Balanced conventional light tackle is well suited for fishing San Diego Bay. Two outfits that Brightenberg uses is a Shimano Calcutta 250 reel spooled with 8-to 15-pound line matched with a Calcutta 815XFA fast taper rod and a Catala 300 reel and Calcutta 715XFA rod. When fishing Mission Bay just a few minutes northward, Brightenberg will use lighter tackle in addition to smaller lures since Mission Bays shallower confines produce more spotted bay bass than the brutish sand bass commonly found all year in San Diego Bay. Peak season for sandies is September thru June as the bass usually migrate to the ocean during July and August to spawn. Plastics will also score well on kelp bass, white seabass, halibut, barracuda, bonito and mackerel that frequent the varied habitat provided in San Diego Bay.
This winter day the current started picking up steam and we started catching more Pacific mackerel near the mouth of the Bay which will happen when you retrieve a plastic tail through the water column in range of the surface fish. As we were trying to avoid mackerel attacks, Williams was quietly working on a backlash that took half a spool to clear. Reeling in slack line the rod seemed to straighten as if snagged on the bottom and then started bouncing under the weight of her largest bass of the day. What technique.
NORTH TACTICS: BEN SECREST
You can forget pretty much what you learned about bay bass the further north you go. "San Diego Bay is unique unto its own for having a big, deep water fishery and lots of big sand bass," says Ben Secrest, Sales Manager of Blue Water Wear at AFTCO. "When you fish Dana Point Harbor, Newport Bay, King Harbor at Redondo, Huntington Harbor and Marina del Rey the habitats change radically and you have to change techniques," adds Secrest.
The north waters are shallower, the habitat is more structure-oriented and the smaller spotted bay bass is the dominant species. Lures and tackle are all scaled-down in size to be effective. The fish are found in different spots as well. "It took me about ten years just to figure out Newport Bay and where the fish were holding," points out Secrest. Unlike San Diego Bay you won't find large groupings of fish in the main channels. Key spots include the sides of channels around pilings, navigation buoys, moored boats and other structure.
A strong tidal current is critical. "I like an incoming tide about an hour after the low when the water starts rippin' ," says Secrest. Anglers need to pick out areas where they see the most current, such as near a buoy, and cover the water column with at least five or six casts to find out where the fish are holding. Bass will have their "nose" into the current waiting for forage to be swept by. "A good technique is to "flip" the dock pilings by casting plastics with the tidal current while "back trolling" with the motor to hold your position," advises Secrest. It's also a good idea to fish at night around the dock lights because they attract lots of fish. You can also simply drag a plastic bait on the bottom from a drifting boat and catch fish. Occasional pops will attract attention, but it's important to keep the bait on the bottom. "As long as your bait is on the bottom you'll catch fish. Wind a little bit, let it sink to the bottom or change angles. You'll get bit when you start to do something different 60 to 70 percent of the time," says Secrest. Clam beds are good spots to fish and they are often found under moored boats. Simply wind the lure slowly over a bed to attract a bass attack.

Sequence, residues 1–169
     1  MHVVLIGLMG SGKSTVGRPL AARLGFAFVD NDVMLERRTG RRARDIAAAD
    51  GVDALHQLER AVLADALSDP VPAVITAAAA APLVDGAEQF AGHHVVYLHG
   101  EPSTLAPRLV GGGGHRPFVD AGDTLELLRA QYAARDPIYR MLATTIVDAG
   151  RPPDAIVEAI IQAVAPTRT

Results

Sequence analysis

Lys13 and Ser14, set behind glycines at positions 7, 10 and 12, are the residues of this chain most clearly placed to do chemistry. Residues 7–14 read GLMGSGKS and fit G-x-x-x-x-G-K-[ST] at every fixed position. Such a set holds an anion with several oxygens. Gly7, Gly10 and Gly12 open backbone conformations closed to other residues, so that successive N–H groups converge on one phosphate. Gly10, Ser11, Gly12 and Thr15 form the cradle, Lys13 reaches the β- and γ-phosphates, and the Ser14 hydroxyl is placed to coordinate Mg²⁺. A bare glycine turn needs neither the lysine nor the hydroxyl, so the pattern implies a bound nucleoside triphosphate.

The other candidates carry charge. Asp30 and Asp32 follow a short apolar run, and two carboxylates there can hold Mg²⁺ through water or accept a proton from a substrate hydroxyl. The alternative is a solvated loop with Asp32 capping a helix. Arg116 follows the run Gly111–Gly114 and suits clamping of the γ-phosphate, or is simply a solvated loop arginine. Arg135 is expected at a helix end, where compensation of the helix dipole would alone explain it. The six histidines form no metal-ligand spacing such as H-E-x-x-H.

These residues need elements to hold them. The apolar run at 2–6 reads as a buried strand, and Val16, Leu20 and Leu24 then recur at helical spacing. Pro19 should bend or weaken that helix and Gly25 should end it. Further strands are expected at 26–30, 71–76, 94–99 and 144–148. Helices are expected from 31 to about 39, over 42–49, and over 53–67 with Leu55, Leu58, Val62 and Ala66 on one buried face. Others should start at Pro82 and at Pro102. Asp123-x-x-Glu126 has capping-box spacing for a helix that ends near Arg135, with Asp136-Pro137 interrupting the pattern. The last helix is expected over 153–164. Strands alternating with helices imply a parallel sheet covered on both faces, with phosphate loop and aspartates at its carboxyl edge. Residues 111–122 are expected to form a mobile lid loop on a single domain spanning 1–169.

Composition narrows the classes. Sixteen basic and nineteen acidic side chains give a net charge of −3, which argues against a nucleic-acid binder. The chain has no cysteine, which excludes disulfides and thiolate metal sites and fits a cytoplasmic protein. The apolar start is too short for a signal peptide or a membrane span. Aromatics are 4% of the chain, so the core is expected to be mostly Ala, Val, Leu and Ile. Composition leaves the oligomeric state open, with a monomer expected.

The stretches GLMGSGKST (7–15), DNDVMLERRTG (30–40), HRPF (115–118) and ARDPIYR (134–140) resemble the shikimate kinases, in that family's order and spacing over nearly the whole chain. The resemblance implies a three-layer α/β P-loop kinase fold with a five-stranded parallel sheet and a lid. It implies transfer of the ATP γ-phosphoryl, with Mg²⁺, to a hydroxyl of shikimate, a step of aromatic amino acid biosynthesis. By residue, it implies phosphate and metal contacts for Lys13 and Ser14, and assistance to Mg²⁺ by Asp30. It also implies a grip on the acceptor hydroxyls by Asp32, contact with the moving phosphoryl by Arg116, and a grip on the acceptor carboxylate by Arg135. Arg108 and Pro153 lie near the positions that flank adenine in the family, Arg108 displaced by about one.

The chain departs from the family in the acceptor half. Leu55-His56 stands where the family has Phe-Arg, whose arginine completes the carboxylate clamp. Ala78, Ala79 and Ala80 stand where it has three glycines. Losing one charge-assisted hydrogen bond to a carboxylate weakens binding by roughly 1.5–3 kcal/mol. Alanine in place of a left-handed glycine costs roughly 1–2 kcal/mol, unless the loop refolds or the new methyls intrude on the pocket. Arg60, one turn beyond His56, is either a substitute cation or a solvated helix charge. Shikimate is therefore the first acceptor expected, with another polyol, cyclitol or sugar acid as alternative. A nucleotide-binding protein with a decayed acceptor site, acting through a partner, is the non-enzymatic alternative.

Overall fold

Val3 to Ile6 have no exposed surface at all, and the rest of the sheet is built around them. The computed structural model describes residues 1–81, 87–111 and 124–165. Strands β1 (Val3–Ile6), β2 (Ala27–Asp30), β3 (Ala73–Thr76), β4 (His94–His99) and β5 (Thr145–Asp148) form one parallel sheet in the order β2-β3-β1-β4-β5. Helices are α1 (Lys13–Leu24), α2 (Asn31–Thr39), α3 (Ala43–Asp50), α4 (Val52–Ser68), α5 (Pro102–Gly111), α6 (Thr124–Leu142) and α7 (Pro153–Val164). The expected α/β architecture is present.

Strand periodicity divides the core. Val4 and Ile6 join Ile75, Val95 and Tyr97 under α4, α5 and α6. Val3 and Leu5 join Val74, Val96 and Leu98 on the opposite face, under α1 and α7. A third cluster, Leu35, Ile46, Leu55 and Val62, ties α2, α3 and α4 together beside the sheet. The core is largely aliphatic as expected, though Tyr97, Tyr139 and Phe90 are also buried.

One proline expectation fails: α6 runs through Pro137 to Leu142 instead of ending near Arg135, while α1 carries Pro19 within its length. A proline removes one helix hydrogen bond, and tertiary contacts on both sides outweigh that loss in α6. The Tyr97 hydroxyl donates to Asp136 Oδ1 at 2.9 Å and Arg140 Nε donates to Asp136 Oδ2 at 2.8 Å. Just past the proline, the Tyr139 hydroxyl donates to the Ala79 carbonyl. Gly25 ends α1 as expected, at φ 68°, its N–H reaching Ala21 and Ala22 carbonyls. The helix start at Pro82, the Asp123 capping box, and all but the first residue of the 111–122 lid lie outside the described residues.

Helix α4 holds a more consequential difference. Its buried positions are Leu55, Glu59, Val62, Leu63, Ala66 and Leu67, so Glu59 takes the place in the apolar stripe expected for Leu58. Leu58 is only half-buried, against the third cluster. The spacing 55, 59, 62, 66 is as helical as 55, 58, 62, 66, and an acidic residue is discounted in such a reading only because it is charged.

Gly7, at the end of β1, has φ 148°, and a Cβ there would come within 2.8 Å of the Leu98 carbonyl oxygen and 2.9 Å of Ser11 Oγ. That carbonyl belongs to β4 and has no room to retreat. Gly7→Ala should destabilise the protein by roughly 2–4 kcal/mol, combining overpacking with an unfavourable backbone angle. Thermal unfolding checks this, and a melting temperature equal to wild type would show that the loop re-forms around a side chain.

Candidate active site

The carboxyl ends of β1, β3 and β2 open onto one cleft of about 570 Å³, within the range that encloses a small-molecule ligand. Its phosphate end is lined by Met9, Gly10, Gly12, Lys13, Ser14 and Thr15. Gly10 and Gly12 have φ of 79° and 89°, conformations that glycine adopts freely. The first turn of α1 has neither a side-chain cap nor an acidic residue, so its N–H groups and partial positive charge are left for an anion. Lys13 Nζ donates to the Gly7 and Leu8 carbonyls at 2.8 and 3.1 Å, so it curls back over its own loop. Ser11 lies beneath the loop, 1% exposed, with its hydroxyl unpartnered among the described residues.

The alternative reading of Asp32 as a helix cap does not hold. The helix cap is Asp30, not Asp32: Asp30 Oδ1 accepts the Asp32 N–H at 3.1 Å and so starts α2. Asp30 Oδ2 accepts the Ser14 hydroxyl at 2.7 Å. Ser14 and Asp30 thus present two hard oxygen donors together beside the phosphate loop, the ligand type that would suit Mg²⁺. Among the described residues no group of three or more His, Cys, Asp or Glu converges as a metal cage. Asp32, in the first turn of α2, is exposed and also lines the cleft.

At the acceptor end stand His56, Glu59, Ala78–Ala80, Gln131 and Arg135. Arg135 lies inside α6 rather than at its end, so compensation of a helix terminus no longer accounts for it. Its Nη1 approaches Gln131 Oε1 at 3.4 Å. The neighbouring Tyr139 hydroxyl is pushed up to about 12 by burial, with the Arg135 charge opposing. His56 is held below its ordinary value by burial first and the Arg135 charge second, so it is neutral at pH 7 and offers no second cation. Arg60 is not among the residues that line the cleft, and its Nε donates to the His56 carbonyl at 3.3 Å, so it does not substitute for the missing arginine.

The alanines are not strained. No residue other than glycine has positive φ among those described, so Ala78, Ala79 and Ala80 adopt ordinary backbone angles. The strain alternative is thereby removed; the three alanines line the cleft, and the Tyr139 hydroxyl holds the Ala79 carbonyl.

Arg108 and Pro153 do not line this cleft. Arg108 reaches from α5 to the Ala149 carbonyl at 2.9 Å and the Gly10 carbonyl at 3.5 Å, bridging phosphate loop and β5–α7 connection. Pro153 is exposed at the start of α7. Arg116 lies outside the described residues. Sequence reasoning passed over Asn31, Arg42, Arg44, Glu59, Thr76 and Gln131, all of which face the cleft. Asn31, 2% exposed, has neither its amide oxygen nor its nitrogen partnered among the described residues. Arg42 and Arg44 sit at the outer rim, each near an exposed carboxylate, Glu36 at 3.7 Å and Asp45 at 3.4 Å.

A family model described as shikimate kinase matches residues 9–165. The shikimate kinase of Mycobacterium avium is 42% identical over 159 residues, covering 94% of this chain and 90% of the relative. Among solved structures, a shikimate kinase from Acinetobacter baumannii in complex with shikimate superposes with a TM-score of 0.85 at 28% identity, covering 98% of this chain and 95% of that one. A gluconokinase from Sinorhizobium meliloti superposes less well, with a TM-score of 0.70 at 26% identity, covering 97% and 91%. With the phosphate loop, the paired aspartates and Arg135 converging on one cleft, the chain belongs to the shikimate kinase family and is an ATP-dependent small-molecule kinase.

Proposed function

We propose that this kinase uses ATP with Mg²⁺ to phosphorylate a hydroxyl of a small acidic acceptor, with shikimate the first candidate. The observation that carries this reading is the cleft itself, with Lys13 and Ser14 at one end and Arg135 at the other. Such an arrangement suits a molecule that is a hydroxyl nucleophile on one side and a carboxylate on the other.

Think small. Don't use large five-inch tails up here. A good maximum size plastic tail is three inches matched with a one-half ounce leadhead and 2/0 hook size. "Keep the hooks small because bass will get stuck on a long shank and just keep biting the bait in half," says Secrest. When there is little current scale down to 3/16 to 1/4 ounce heads and smaller tails. Strong currents may require 1/2 to 5/8 ounce leadheads to keep in the strike zone. Lighter heads will give a slower fall rate which can be enticing to bass hanging around vertical structures.
Secrest likes to use a variety of plastic tails and grubs such as Fish Traps, Kalins and Salt Grubs with colors that look like what the bass are feeding on. Favorites include Green Grunion, Tennessee Shad, Brown Bait and Anchovy patterns. With split tail and single tail grubs, Secrest favors the Smoke with Red Flake, Irish Whiskey (greenish brown with green flake), Clear with Red Flake (all-time favorite), Rootbeer with Gold Flake, Brown with Sparkle and Tomato Pepper.
This is light tackle country. Typical outfits include Shimano reels such as the Curado 100 and Calcutta 50 spooled with six-pound line and the Calcutta 100 with eight-pound. These are matched with five-foot six-inch to six-foot trigger sticks. For spinning, the Shimano Sahara 1000FA with four to six-pound line paired to a six to six and one-half foot rod is a good choice. When the water is very clear Secrest will add a six or eight-pound fluorocarbon leader to the main line to get more strikes. Otherwise, the lures are tied directly to the main line without a leader.
Spotted bay bass, sand bass and some calico (kelp) bass are found in these "northern" bay waters all year. Based on years of experience, Secrest has found that the peak season is March, April and May. You may also be surprised by halibut and white seabass as well.
RIGGING A PLASTIC TAIL